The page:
In a special edition of Nowa Fantastyka magazine, Marcin Zwierzchowski interviews showrunner Lauren Hissrich and Executive Producer Tomek Baginski about The Witcher‘s most controversial apparel: the Nilfgaardian armor. This is only one small exchange in a thirteen-page report, which you can purchase and read in Polish.
Marcin Zwierzchowski: One of the hottest topics surrounding the ‘Witcher’ is the look of the Nilfgaardian armies.
Tomek Baginski: I want to specify that the pictures that leaked online were of extras from the back rows of the Nilfgaardian armies. I also think that once the viewers see those armors in good lighting, after post-production is done, the idea behind this look will be clear. The armors aren’t supposed to be expensive – Nilfgaard has a huge army and relies on those numbers. They won’t have many perfectly trained knights in shining armors, but opposite every knight like that, they can have a hundred soldiers.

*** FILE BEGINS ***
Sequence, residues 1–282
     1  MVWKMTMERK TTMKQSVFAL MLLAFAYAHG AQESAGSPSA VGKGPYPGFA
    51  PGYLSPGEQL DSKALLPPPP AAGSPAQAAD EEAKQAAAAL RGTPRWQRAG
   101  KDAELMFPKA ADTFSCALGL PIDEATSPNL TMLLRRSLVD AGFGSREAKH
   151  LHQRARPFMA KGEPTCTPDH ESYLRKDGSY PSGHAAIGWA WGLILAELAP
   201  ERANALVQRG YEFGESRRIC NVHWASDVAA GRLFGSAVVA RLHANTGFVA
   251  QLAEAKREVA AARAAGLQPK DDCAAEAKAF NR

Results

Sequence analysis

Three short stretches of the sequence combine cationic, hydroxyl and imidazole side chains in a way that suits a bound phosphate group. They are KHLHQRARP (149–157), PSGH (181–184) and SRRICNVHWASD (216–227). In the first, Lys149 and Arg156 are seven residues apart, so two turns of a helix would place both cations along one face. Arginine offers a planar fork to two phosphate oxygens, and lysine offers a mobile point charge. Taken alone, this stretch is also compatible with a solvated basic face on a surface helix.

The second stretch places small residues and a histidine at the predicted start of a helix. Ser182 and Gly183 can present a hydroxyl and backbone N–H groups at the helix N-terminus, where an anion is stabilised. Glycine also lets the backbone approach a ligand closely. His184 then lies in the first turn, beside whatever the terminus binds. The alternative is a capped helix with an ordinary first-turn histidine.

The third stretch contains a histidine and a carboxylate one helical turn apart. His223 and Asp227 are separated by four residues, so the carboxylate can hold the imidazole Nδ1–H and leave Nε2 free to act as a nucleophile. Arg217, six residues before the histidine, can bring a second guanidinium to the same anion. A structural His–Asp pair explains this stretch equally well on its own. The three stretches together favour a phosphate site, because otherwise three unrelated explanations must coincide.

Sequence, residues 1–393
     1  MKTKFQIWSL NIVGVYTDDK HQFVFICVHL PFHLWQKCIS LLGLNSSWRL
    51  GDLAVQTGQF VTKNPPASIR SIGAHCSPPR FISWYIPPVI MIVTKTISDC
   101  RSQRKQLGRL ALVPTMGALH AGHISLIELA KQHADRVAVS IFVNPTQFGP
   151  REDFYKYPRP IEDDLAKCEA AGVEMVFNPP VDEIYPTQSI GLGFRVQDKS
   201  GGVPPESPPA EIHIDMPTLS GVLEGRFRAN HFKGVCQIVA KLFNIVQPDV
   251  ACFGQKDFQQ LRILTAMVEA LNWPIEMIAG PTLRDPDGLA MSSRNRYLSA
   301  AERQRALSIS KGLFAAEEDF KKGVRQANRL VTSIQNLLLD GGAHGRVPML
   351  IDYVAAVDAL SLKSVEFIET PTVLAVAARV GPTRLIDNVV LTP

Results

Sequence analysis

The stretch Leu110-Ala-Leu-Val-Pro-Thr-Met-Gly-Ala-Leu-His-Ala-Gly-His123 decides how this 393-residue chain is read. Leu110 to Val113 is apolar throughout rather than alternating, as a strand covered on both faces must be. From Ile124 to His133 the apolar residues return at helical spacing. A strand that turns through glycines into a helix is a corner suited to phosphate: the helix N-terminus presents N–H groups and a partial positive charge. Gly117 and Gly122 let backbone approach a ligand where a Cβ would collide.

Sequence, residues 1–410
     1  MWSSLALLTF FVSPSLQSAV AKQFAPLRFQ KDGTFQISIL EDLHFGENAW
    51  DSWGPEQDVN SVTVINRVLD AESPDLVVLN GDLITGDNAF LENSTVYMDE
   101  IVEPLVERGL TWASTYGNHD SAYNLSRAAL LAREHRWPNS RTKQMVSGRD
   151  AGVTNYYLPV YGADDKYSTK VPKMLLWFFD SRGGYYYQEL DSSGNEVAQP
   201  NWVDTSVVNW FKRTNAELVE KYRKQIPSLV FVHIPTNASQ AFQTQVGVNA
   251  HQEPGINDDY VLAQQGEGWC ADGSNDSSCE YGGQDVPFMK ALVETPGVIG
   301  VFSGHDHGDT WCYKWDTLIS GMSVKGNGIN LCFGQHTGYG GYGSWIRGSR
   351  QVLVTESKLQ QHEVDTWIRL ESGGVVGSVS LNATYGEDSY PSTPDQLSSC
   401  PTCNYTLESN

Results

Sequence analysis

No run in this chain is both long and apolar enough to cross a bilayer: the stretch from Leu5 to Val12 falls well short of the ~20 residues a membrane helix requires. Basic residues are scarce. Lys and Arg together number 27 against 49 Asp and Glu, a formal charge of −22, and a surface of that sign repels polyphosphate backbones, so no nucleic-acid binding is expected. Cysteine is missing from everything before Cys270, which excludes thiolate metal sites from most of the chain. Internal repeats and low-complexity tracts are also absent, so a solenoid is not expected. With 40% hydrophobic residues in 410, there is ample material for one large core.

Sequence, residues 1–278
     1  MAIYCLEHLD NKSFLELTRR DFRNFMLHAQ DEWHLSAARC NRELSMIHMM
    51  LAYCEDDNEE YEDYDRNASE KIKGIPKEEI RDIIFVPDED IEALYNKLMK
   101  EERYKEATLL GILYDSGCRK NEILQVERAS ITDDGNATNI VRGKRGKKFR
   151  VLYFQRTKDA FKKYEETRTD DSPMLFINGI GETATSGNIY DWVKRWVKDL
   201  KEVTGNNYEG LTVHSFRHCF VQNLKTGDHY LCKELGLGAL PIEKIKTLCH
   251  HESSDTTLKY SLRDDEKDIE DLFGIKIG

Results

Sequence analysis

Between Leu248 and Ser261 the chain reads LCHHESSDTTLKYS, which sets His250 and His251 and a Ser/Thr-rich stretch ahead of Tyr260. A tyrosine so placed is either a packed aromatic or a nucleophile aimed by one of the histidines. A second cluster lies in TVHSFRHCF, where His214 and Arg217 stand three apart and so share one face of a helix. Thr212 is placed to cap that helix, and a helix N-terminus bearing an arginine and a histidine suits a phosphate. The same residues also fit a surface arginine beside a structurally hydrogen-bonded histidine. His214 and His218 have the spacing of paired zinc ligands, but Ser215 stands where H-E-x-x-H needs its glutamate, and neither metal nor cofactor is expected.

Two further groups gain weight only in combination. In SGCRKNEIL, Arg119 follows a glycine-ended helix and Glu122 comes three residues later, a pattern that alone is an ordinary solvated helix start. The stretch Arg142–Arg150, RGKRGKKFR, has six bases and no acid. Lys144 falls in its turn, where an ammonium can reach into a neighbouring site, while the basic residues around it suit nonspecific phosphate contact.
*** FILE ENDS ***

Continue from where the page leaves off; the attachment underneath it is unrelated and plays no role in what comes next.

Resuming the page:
Marcin Zwierzchowski: An army of expendable soldiers.
Lauren Hissrich: Exactly!
Tomek Baginski: The armours of Nilfgaardian higher-ups are different. For example Cahir. It has the same style, but you can easily recognize that it’s an armor of someone highborn, an officer.
Lauren Hissrich: Tomek put it perfectly. Compared to Cintra, where in the pilot episode we see Calanthe knighting new knights, people who trained for it, Nilfgaard generally recruits people from villages they conquered. Their armors aren’t forged by the royal armorer. They are dressed in something cheap.
This is just a taste from The Witcher‘s coverage in Nowa Fantastyka Magazine. Read the other excerpts: Andrzej Sapkowski on creative freedom and slavicness, Lauren Hissrich and Tomek Baginski on Henry Cavill’s immense dedication to Geralt of Rivia and Lauren, Freya and Anya on various topics.